Ugandan rapper and parliamentarian Bobi Wine asserted that he would be fighting to get his country to increase health spending towards maternal and child health care by 50%, after an overall increase of 15%.
And the Prime Minister of Luxembourg, Xavier Bettel, reaffirmed his commitment to improving health services for people with HIV/AIDS, a value that, to him, is both universal and deeply personal as the first openly gay head of state in the world.
“Being gay is not a choice,” he said. “Homophobia is.”
As Bettel noted, containing HIV/AIDS involves fighting both a disease, and a stigma that's sustained by a web of issues primarily affecting girls and women.
“We must continue to invest in adequate and quality health for girls and women, including sexual and reproductive health services, which is critical to prevent sexual abuse, early childhood marriage, and HIV/AIDS,” he said. “Together, we can achieve a world where She Decides.”
She Decides is a global movement to ensure every girl and woman can decide what to do with her body, with her life, and with her future. This right affects her personal development, her participation in society, her livelihood and whether her family and community thrives.
Take Action: Sign the She Decides Manifesto
It’s an idea and aspiration that animated the evening. But achieving that vision demands a sober assessment of the barriers in the way.
For example, more than 75 million children are out of school around the world because of conflicts and natural disasters, such as the civil wars in Yemen and Syria, catastrophic flooding in Southeast Asia, and widespread famines in Sub-Saharan Africa.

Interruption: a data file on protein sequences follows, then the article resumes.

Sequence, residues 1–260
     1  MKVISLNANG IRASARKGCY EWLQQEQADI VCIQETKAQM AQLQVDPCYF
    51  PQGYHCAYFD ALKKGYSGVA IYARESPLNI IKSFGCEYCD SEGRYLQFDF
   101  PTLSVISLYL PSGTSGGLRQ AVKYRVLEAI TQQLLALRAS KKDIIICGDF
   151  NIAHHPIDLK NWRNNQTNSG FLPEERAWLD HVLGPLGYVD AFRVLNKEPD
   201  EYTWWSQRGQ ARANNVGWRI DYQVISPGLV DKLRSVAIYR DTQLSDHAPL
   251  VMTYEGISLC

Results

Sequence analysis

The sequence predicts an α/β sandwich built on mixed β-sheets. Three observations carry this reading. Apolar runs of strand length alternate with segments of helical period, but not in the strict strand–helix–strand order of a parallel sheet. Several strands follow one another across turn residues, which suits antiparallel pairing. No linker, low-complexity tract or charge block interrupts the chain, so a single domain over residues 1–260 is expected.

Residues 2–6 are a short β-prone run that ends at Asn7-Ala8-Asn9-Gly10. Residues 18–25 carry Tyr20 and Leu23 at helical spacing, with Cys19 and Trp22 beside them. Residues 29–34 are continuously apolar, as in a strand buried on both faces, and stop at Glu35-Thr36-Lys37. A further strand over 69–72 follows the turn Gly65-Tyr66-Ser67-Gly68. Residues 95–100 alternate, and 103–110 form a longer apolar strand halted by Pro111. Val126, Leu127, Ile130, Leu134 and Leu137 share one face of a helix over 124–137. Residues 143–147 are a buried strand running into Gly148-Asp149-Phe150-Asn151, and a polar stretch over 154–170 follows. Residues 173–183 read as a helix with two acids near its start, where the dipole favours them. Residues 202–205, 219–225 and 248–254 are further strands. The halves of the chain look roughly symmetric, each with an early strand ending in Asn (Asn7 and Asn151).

“Hunger is not decreasing, it is increasing,” said Dutch Minister Lilliane Ploumen, before announcing an additional $6 million to the World Food Programme.
Recent hurricanes across the Caribbean were another reminder of the immense challenges ahead.
Barbuda, in particular, was wrecked by Hurricane Irma. The Caribbean island’s prime minister, Gaston Browne, spoke about how 90% of the homes on Barbuda were destroyed and he made an impassioned call for climate action.
“Climate change does not respect borders,” he said. “It does not respect who you are – famous or not-so-famous, rich or poor. It is a global threat, which requires global solidarity. The only global solidarity is to recognize that we are all Global Citizens.”
“Our belief in the realities of climate change is optional, but our participation in responding to the effects of climate change is mandatory,” he added.
That sense of rising up to confront the biggest problems was felt on the stage all evening, among both corporate partners of Global Citizen like Procter & Gamble, which committed 200 million liters of safe drinking water to countries affected by drought and public leaders like Belgium’s Deputy Prime Minister Alexander De Croo who vowed to increase his country’s investments in humanitarian research to $20 million next year.
It’s investments like these, De Croo insisted, that are key to achieving the Global Goals.
Nowhere was the sense of imminent achievement greater than on the topic of polio, which is set to become the second human disease ever eradicated. For that to happen, a final push has to be made to reach the last affected populations.
“The world is waiting for so many of you to get involved,” said Alistair Burt, Britain’s Minister of State for the Department for International Development. “And we’re here to stand right beside you.”